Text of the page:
Progressives often support diversity mandates as a path to equality and a way to level the playing field. But all too often such policies are an insincere form of virtue-signaling that benefits only the most privileged and does little to help average people.
A pair of bills sponsored by Massachusetts state Senator Jason Lewis and House Speaker Pro Tempore Patricia Haddad, to ensure "gender parity" on boards and commissions, provide a case in point.
Haddad and Lewis are concerned that more than half the state-government boards are less than 40 percent female. In order to ensure that elite women have more such opportunities, they have proposed imposing government quotas. If the bills become law, state boards and commissions will be required to set aside 50 percent of board seats for women by 2022.
The bills are similar to a measure recently adopted in Califomia, which last year became the first state to require gender quotas for private companies. In signing the measure, California Governor Jerry Brown admitted that the law, which expressly classifies people on the basis of sex, is probably unconstitutional.
The US Supreme Court frowns on sex-based classifications unless they are designed to address an "important" policy interest, Because the California law applies to all boards, even where there is no history of prior discrimination, courts are likely to rule that the law violates the constitutional guarantee of "equal protection".
But are such government mandates even necessary? Female participation on corporate boards may not currently mirror the pereentage of women in the general population, but so what?
The number of women on corporate boards has been steadily increasing without government interference. According to a study by Catalyst, between 2010 and 2015 the share of women on the boards of global corporations increased by 54 percent.
Requiring companies to make gender the primary qualification for board membership will inevitably lead to less experienced private sector boards. That is exactly what happened when Norway adopted a nationwide corporate gender quota.
Wrting in The New Republic, Alice Lee notes that increasing the number of opportunities for board membership without increasing the pool of qualified women to serve on such boards has led to a"golden skirt "phenomenon, where the same clite women scoop up multiple seats on a variety of boards.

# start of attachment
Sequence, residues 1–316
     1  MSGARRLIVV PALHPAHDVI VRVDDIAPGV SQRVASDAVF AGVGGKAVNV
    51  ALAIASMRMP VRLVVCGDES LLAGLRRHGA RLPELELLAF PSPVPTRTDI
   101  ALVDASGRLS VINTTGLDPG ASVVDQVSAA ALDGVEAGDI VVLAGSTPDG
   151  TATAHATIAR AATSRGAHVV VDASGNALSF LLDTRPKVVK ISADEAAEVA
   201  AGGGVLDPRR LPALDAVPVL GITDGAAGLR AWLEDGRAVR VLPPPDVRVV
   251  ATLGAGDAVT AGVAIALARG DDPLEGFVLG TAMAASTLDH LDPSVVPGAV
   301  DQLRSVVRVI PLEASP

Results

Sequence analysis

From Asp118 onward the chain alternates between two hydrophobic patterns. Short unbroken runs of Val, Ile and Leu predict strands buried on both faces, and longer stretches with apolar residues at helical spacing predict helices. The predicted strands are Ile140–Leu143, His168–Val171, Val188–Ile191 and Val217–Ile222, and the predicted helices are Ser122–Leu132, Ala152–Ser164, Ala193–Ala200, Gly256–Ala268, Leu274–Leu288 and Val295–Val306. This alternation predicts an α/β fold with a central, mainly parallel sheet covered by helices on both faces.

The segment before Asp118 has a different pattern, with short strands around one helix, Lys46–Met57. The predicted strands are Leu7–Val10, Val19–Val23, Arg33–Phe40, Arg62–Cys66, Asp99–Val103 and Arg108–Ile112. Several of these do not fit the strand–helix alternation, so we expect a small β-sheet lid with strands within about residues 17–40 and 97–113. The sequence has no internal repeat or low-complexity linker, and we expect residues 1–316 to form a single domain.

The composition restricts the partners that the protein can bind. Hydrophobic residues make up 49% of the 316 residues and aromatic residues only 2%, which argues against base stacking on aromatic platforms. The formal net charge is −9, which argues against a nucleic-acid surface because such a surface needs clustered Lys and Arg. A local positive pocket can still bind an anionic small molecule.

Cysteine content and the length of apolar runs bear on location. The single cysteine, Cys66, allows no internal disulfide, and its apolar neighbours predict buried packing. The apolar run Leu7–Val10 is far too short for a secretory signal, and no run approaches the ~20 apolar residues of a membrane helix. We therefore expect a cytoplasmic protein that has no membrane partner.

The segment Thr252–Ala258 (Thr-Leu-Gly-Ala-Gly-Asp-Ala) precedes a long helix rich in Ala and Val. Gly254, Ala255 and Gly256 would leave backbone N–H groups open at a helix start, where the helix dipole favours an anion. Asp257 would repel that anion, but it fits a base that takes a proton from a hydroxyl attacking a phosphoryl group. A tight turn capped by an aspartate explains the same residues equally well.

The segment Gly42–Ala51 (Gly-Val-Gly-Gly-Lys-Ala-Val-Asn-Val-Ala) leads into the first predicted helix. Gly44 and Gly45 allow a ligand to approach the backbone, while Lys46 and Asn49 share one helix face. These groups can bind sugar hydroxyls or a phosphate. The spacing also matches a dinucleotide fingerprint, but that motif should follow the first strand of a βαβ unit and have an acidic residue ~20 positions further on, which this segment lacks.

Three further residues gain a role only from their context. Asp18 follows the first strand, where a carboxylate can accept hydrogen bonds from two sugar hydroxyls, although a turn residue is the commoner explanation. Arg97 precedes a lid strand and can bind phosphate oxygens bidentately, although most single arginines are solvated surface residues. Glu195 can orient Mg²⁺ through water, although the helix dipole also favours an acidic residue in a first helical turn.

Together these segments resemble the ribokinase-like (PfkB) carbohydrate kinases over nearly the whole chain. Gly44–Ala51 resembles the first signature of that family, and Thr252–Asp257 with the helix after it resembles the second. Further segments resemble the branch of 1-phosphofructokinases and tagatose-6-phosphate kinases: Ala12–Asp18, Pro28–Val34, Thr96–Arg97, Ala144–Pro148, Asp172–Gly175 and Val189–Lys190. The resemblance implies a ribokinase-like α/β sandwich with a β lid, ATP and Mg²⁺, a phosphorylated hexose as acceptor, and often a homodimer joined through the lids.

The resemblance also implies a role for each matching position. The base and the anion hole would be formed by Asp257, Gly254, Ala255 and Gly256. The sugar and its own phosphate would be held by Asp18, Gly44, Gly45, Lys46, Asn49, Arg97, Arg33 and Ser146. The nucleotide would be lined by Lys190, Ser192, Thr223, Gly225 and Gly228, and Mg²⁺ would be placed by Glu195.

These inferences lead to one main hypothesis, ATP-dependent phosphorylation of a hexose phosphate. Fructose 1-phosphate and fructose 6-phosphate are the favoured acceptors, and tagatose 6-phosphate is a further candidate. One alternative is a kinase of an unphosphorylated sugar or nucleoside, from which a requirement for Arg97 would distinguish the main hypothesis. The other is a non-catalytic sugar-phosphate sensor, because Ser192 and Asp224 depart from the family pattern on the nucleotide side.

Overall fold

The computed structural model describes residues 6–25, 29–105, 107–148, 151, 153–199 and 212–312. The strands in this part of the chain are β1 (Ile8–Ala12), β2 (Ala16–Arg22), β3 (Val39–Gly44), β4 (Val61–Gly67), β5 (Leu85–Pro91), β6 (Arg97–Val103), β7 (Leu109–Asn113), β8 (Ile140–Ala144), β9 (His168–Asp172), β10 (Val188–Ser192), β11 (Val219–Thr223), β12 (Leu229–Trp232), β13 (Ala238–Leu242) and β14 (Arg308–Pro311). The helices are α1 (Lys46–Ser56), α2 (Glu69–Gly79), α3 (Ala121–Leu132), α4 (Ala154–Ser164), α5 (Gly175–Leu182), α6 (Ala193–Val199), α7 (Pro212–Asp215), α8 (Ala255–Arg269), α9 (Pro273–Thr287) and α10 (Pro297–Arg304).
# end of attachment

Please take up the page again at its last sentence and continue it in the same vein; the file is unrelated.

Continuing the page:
Next time somebody pushes corporate quotas as a way to promote gender equity, remember that such policies are largely self-serving measures that make their sponsors feel good but do litle to help average women.
31. The author believes that the bills sponsored by Lewis and Haddad wills________
[A] help little to reduce gender bias.
[B] pose a threat to the state government.
[C] raise women's position in politics.
[D] greatly broaden career options.
32. Which of the following is true of the California measure?
[A] It has irritated private business owners.
[B] It is welcomed by the Supreme Court,
[C] It may go against the Constitution.
[D] It will settle the prior controversies.
33. The author mentions the study by Catalyst to ilustrate____
[A] the harm from arbitrary board decision.
[B] the importance of constitutional guaranees.
[C] the pressure on women in global corporations.
[D] the needlessness of government interventions.
34. Norway's adoption of a nationwide corporate gender quota has led to____
[A] the underestimation of elite women's role.
[B] the objection to female participation on boards.
[C] the entry of unqualified candidates into the board.
[D] the growing tension between labor and management.
35. Which of the following can be inferred from the text?
[A] Women's need in employment should be considered.
[B] Feasibility should be a prime concern in policymaking.
[C] Everyone should try hard to promote social justice.
[D] Major social issues should be the focus of legislation.